Article by Tim Woodward in the Idaho Statesman. [Feb. 09]
If you’re feeling sorry for yourself because you’re a victim of hard times, you might want to consider Brian Hoyt’s story.
Hoyt washes windows for a living. But he wasn’t always a window washer. He used to be a computer network administrator. He wore expensive clothes, drove a BMW, lived the so-called good life.
That changed in 2001, when he was riding his motorcycle and a hit-and-run driver left him unconscious by the side of the road. He had to have three back surgeries, his boss fired him for missing too much work, and he spent three and a half years in physical rehabilitation.
Poor for the first time in his life, he was denied benefits “because I was a single white male. I’d lost my job and couldn’t work at all. I went in to apply in a wheelchair with my arm in a sling and a morphine drip, and they said they couldn’t help me.”
A hard-luck story, right?
Instead of thinking of himself as a victim, Hoyt made the most of what he had.
“I had a roll of paper towels and some Windex. So I went up and down Fairview and Milwaukee and said, ‘Hi, I’m Brian, I’m poor, and I need to wash your windows so I can eat tonight.”
It was a hard sell at first. But once he got past what he calls “the gatekeepers” to business managers or owners, “people were really nice.” His first clients were the Paper Cottage and Rent-A-Center. And he made a deal with Papa John’s to pay him in pizzas, so he didn’t have to worry about going hungry any more.
A friend gave him money for a squeegee, a squirt bottle and more paper towels, and a small business was born – Poor Man Window Cleaning. Only a small fraction of the businesses he approached hired him at first.
Over time, the business grew enough that Hoyt was able to buy an old truck and better equipment. He says he’s “come a long way from Windex and paper towels.”
He now has a pressure washer and reverse-osmosis purification system that reduces labor time. And he’s expanded from washing only businesses’ windows to doing residential windows and cleaning sidewalks, awnings, signs and building exteriors. Things were going pretty well until last year.
“In June, my phone almost didn’t stop ringing with customers calling to discontinue because of hard times. I lost half of my business in 2008.”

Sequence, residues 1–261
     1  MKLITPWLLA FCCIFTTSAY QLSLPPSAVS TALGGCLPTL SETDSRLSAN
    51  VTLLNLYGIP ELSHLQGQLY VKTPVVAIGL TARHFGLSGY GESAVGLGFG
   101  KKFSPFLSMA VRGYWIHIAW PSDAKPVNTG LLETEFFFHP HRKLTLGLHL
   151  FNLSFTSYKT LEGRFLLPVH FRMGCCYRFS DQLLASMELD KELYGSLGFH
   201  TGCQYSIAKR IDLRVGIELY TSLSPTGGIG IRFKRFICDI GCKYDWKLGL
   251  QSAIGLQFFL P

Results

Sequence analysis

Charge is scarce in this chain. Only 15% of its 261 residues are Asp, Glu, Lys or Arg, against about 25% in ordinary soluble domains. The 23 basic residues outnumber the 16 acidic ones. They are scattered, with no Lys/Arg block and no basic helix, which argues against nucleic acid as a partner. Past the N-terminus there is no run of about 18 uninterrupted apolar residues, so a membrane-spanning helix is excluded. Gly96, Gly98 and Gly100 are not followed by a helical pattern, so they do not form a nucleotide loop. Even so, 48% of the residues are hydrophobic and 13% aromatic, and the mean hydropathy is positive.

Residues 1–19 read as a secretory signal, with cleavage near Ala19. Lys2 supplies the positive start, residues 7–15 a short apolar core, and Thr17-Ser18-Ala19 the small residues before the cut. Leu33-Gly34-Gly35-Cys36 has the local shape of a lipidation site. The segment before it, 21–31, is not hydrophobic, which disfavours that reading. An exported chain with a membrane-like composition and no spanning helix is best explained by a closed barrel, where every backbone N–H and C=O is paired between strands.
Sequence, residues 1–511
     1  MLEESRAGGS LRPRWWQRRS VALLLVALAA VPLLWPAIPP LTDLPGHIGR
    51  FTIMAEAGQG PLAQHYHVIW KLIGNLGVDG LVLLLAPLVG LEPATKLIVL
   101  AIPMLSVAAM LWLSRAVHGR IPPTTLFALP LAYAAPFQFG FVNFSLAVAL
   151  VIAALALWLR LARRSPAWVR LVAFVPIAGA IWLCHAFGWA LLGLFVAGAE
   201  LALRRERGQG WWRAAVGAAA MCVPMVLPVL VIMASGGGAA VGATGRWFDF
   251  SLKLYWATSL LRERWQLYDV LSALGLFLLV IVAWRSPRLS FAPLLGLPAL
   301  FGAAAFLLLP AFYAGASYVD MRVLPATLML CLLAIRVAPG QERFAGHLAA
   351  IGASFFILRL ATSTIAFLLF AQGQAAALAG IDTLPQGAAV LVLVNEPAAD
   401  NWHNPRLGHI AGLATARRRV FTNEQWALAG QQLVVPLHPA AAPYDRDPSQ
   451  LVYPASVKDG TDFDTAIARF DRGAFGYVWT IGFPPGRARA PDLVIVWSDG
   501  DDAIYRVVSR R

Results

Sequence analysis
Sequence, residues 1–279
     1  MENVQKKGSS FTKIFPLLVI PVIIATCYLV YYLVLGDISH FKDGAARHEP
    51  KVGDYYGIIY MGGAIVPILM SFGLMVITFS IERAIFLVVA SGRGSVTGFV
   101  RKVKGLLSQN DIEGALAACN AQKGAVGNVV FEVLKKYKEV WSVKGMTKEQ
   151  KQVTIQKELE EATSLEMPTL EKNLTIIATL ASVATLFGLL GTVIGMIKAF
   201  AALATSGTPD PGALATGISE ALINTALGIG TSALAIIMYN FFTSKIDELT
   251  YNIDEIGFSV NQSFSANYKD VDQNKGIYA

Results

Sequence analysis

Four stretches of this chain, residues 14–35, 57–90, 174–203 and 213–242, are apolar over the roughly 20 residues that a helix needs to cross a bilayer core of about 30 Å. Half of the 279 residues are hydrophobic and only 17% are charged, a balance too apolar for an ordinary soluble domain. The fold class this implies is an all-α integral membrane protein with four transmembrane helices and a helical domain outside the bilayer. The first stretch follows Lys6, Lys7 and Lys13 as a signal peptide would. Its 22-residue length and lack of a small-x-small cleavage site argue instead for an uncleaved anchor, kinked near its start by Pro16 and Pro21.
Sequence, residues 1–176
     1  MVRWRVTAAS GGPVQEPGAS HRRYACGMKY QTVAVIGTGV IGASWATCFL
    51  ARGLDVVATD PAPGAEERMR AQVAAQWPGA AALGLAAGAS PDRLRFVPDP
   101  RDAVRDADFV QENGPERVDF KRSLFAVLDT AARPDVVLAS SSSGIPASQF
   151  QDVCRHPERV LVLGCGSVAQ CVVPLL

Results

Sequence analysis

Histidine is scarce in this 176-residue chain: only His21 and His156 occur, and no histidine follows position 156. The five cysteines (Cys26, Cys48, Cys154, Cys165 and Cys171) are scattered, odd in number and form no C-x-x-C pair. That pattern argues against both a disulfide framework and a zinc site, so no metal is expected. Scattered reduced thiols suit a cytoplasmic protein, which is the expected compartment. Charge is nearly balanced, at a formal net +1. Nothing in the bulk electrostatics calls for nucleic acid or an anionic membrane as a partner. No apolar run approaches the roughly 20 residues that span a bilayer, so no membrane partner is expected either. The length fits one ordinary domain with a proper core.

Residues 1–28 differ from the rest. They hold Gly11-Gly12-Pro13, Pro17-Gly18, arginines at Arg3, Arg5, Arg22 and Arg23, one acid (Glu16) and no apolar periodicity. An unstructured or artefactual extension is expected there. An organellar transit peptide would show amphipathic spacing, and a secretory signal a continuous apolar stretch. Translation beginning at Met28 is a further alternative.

This year hasn’t been any better. From working 23 days a month, he’s down to nine.
In November, someone backed into his truck and knocked his 18-foot ladder through one of his truck’s windows. The culprit left a one-word note, “sorry,” but no contact or insurance information.
“It’s not a good time of year to be driving around without a window,” he said.
Three days after Christmas, an ember in an ash bucket beside their fireplace ignited and caught Hoyts’ house on fire. It had been five days since they’d had a fire in the fireplace and the ashes were cold, but one ember at the bottom of the bucket was all it took. The damage was covered by their insurance, but they had to move out for a month while it was repaired.
Hoyt still goes to therapy for his injuries. He has migraine headaches, and he says the accident destroyed his photographic memory.
“I used to remember everything. Now I have to write everything down.”
He’s not complaining, though. Not even a little bit.
“I’m a happier person than I was before the accident,” he said. “I’m nowhere near as motivated by money. I used to be really into clothes and the look and the way I presented. What I’ve learned is that every day is what you should live for. Without that first breath of oxygen in the morning, it doesn’t matter what else you have.”
I asked him if he ever felt like the writers of the classic blues lyric, “If it wasn’t for bad luck, I wouldn’t have no luck at all.”
“There’s a lot of Irish in me,” he said, laughing. “Luck o’ the Irish, potato famine. But I’ll tell you another thing I learned. ”
Then he said something we’d all do well to remember. Words to live by in hard times.
“You can cry in your beer or do something about bad luck. It’s only as bad as you let it get.”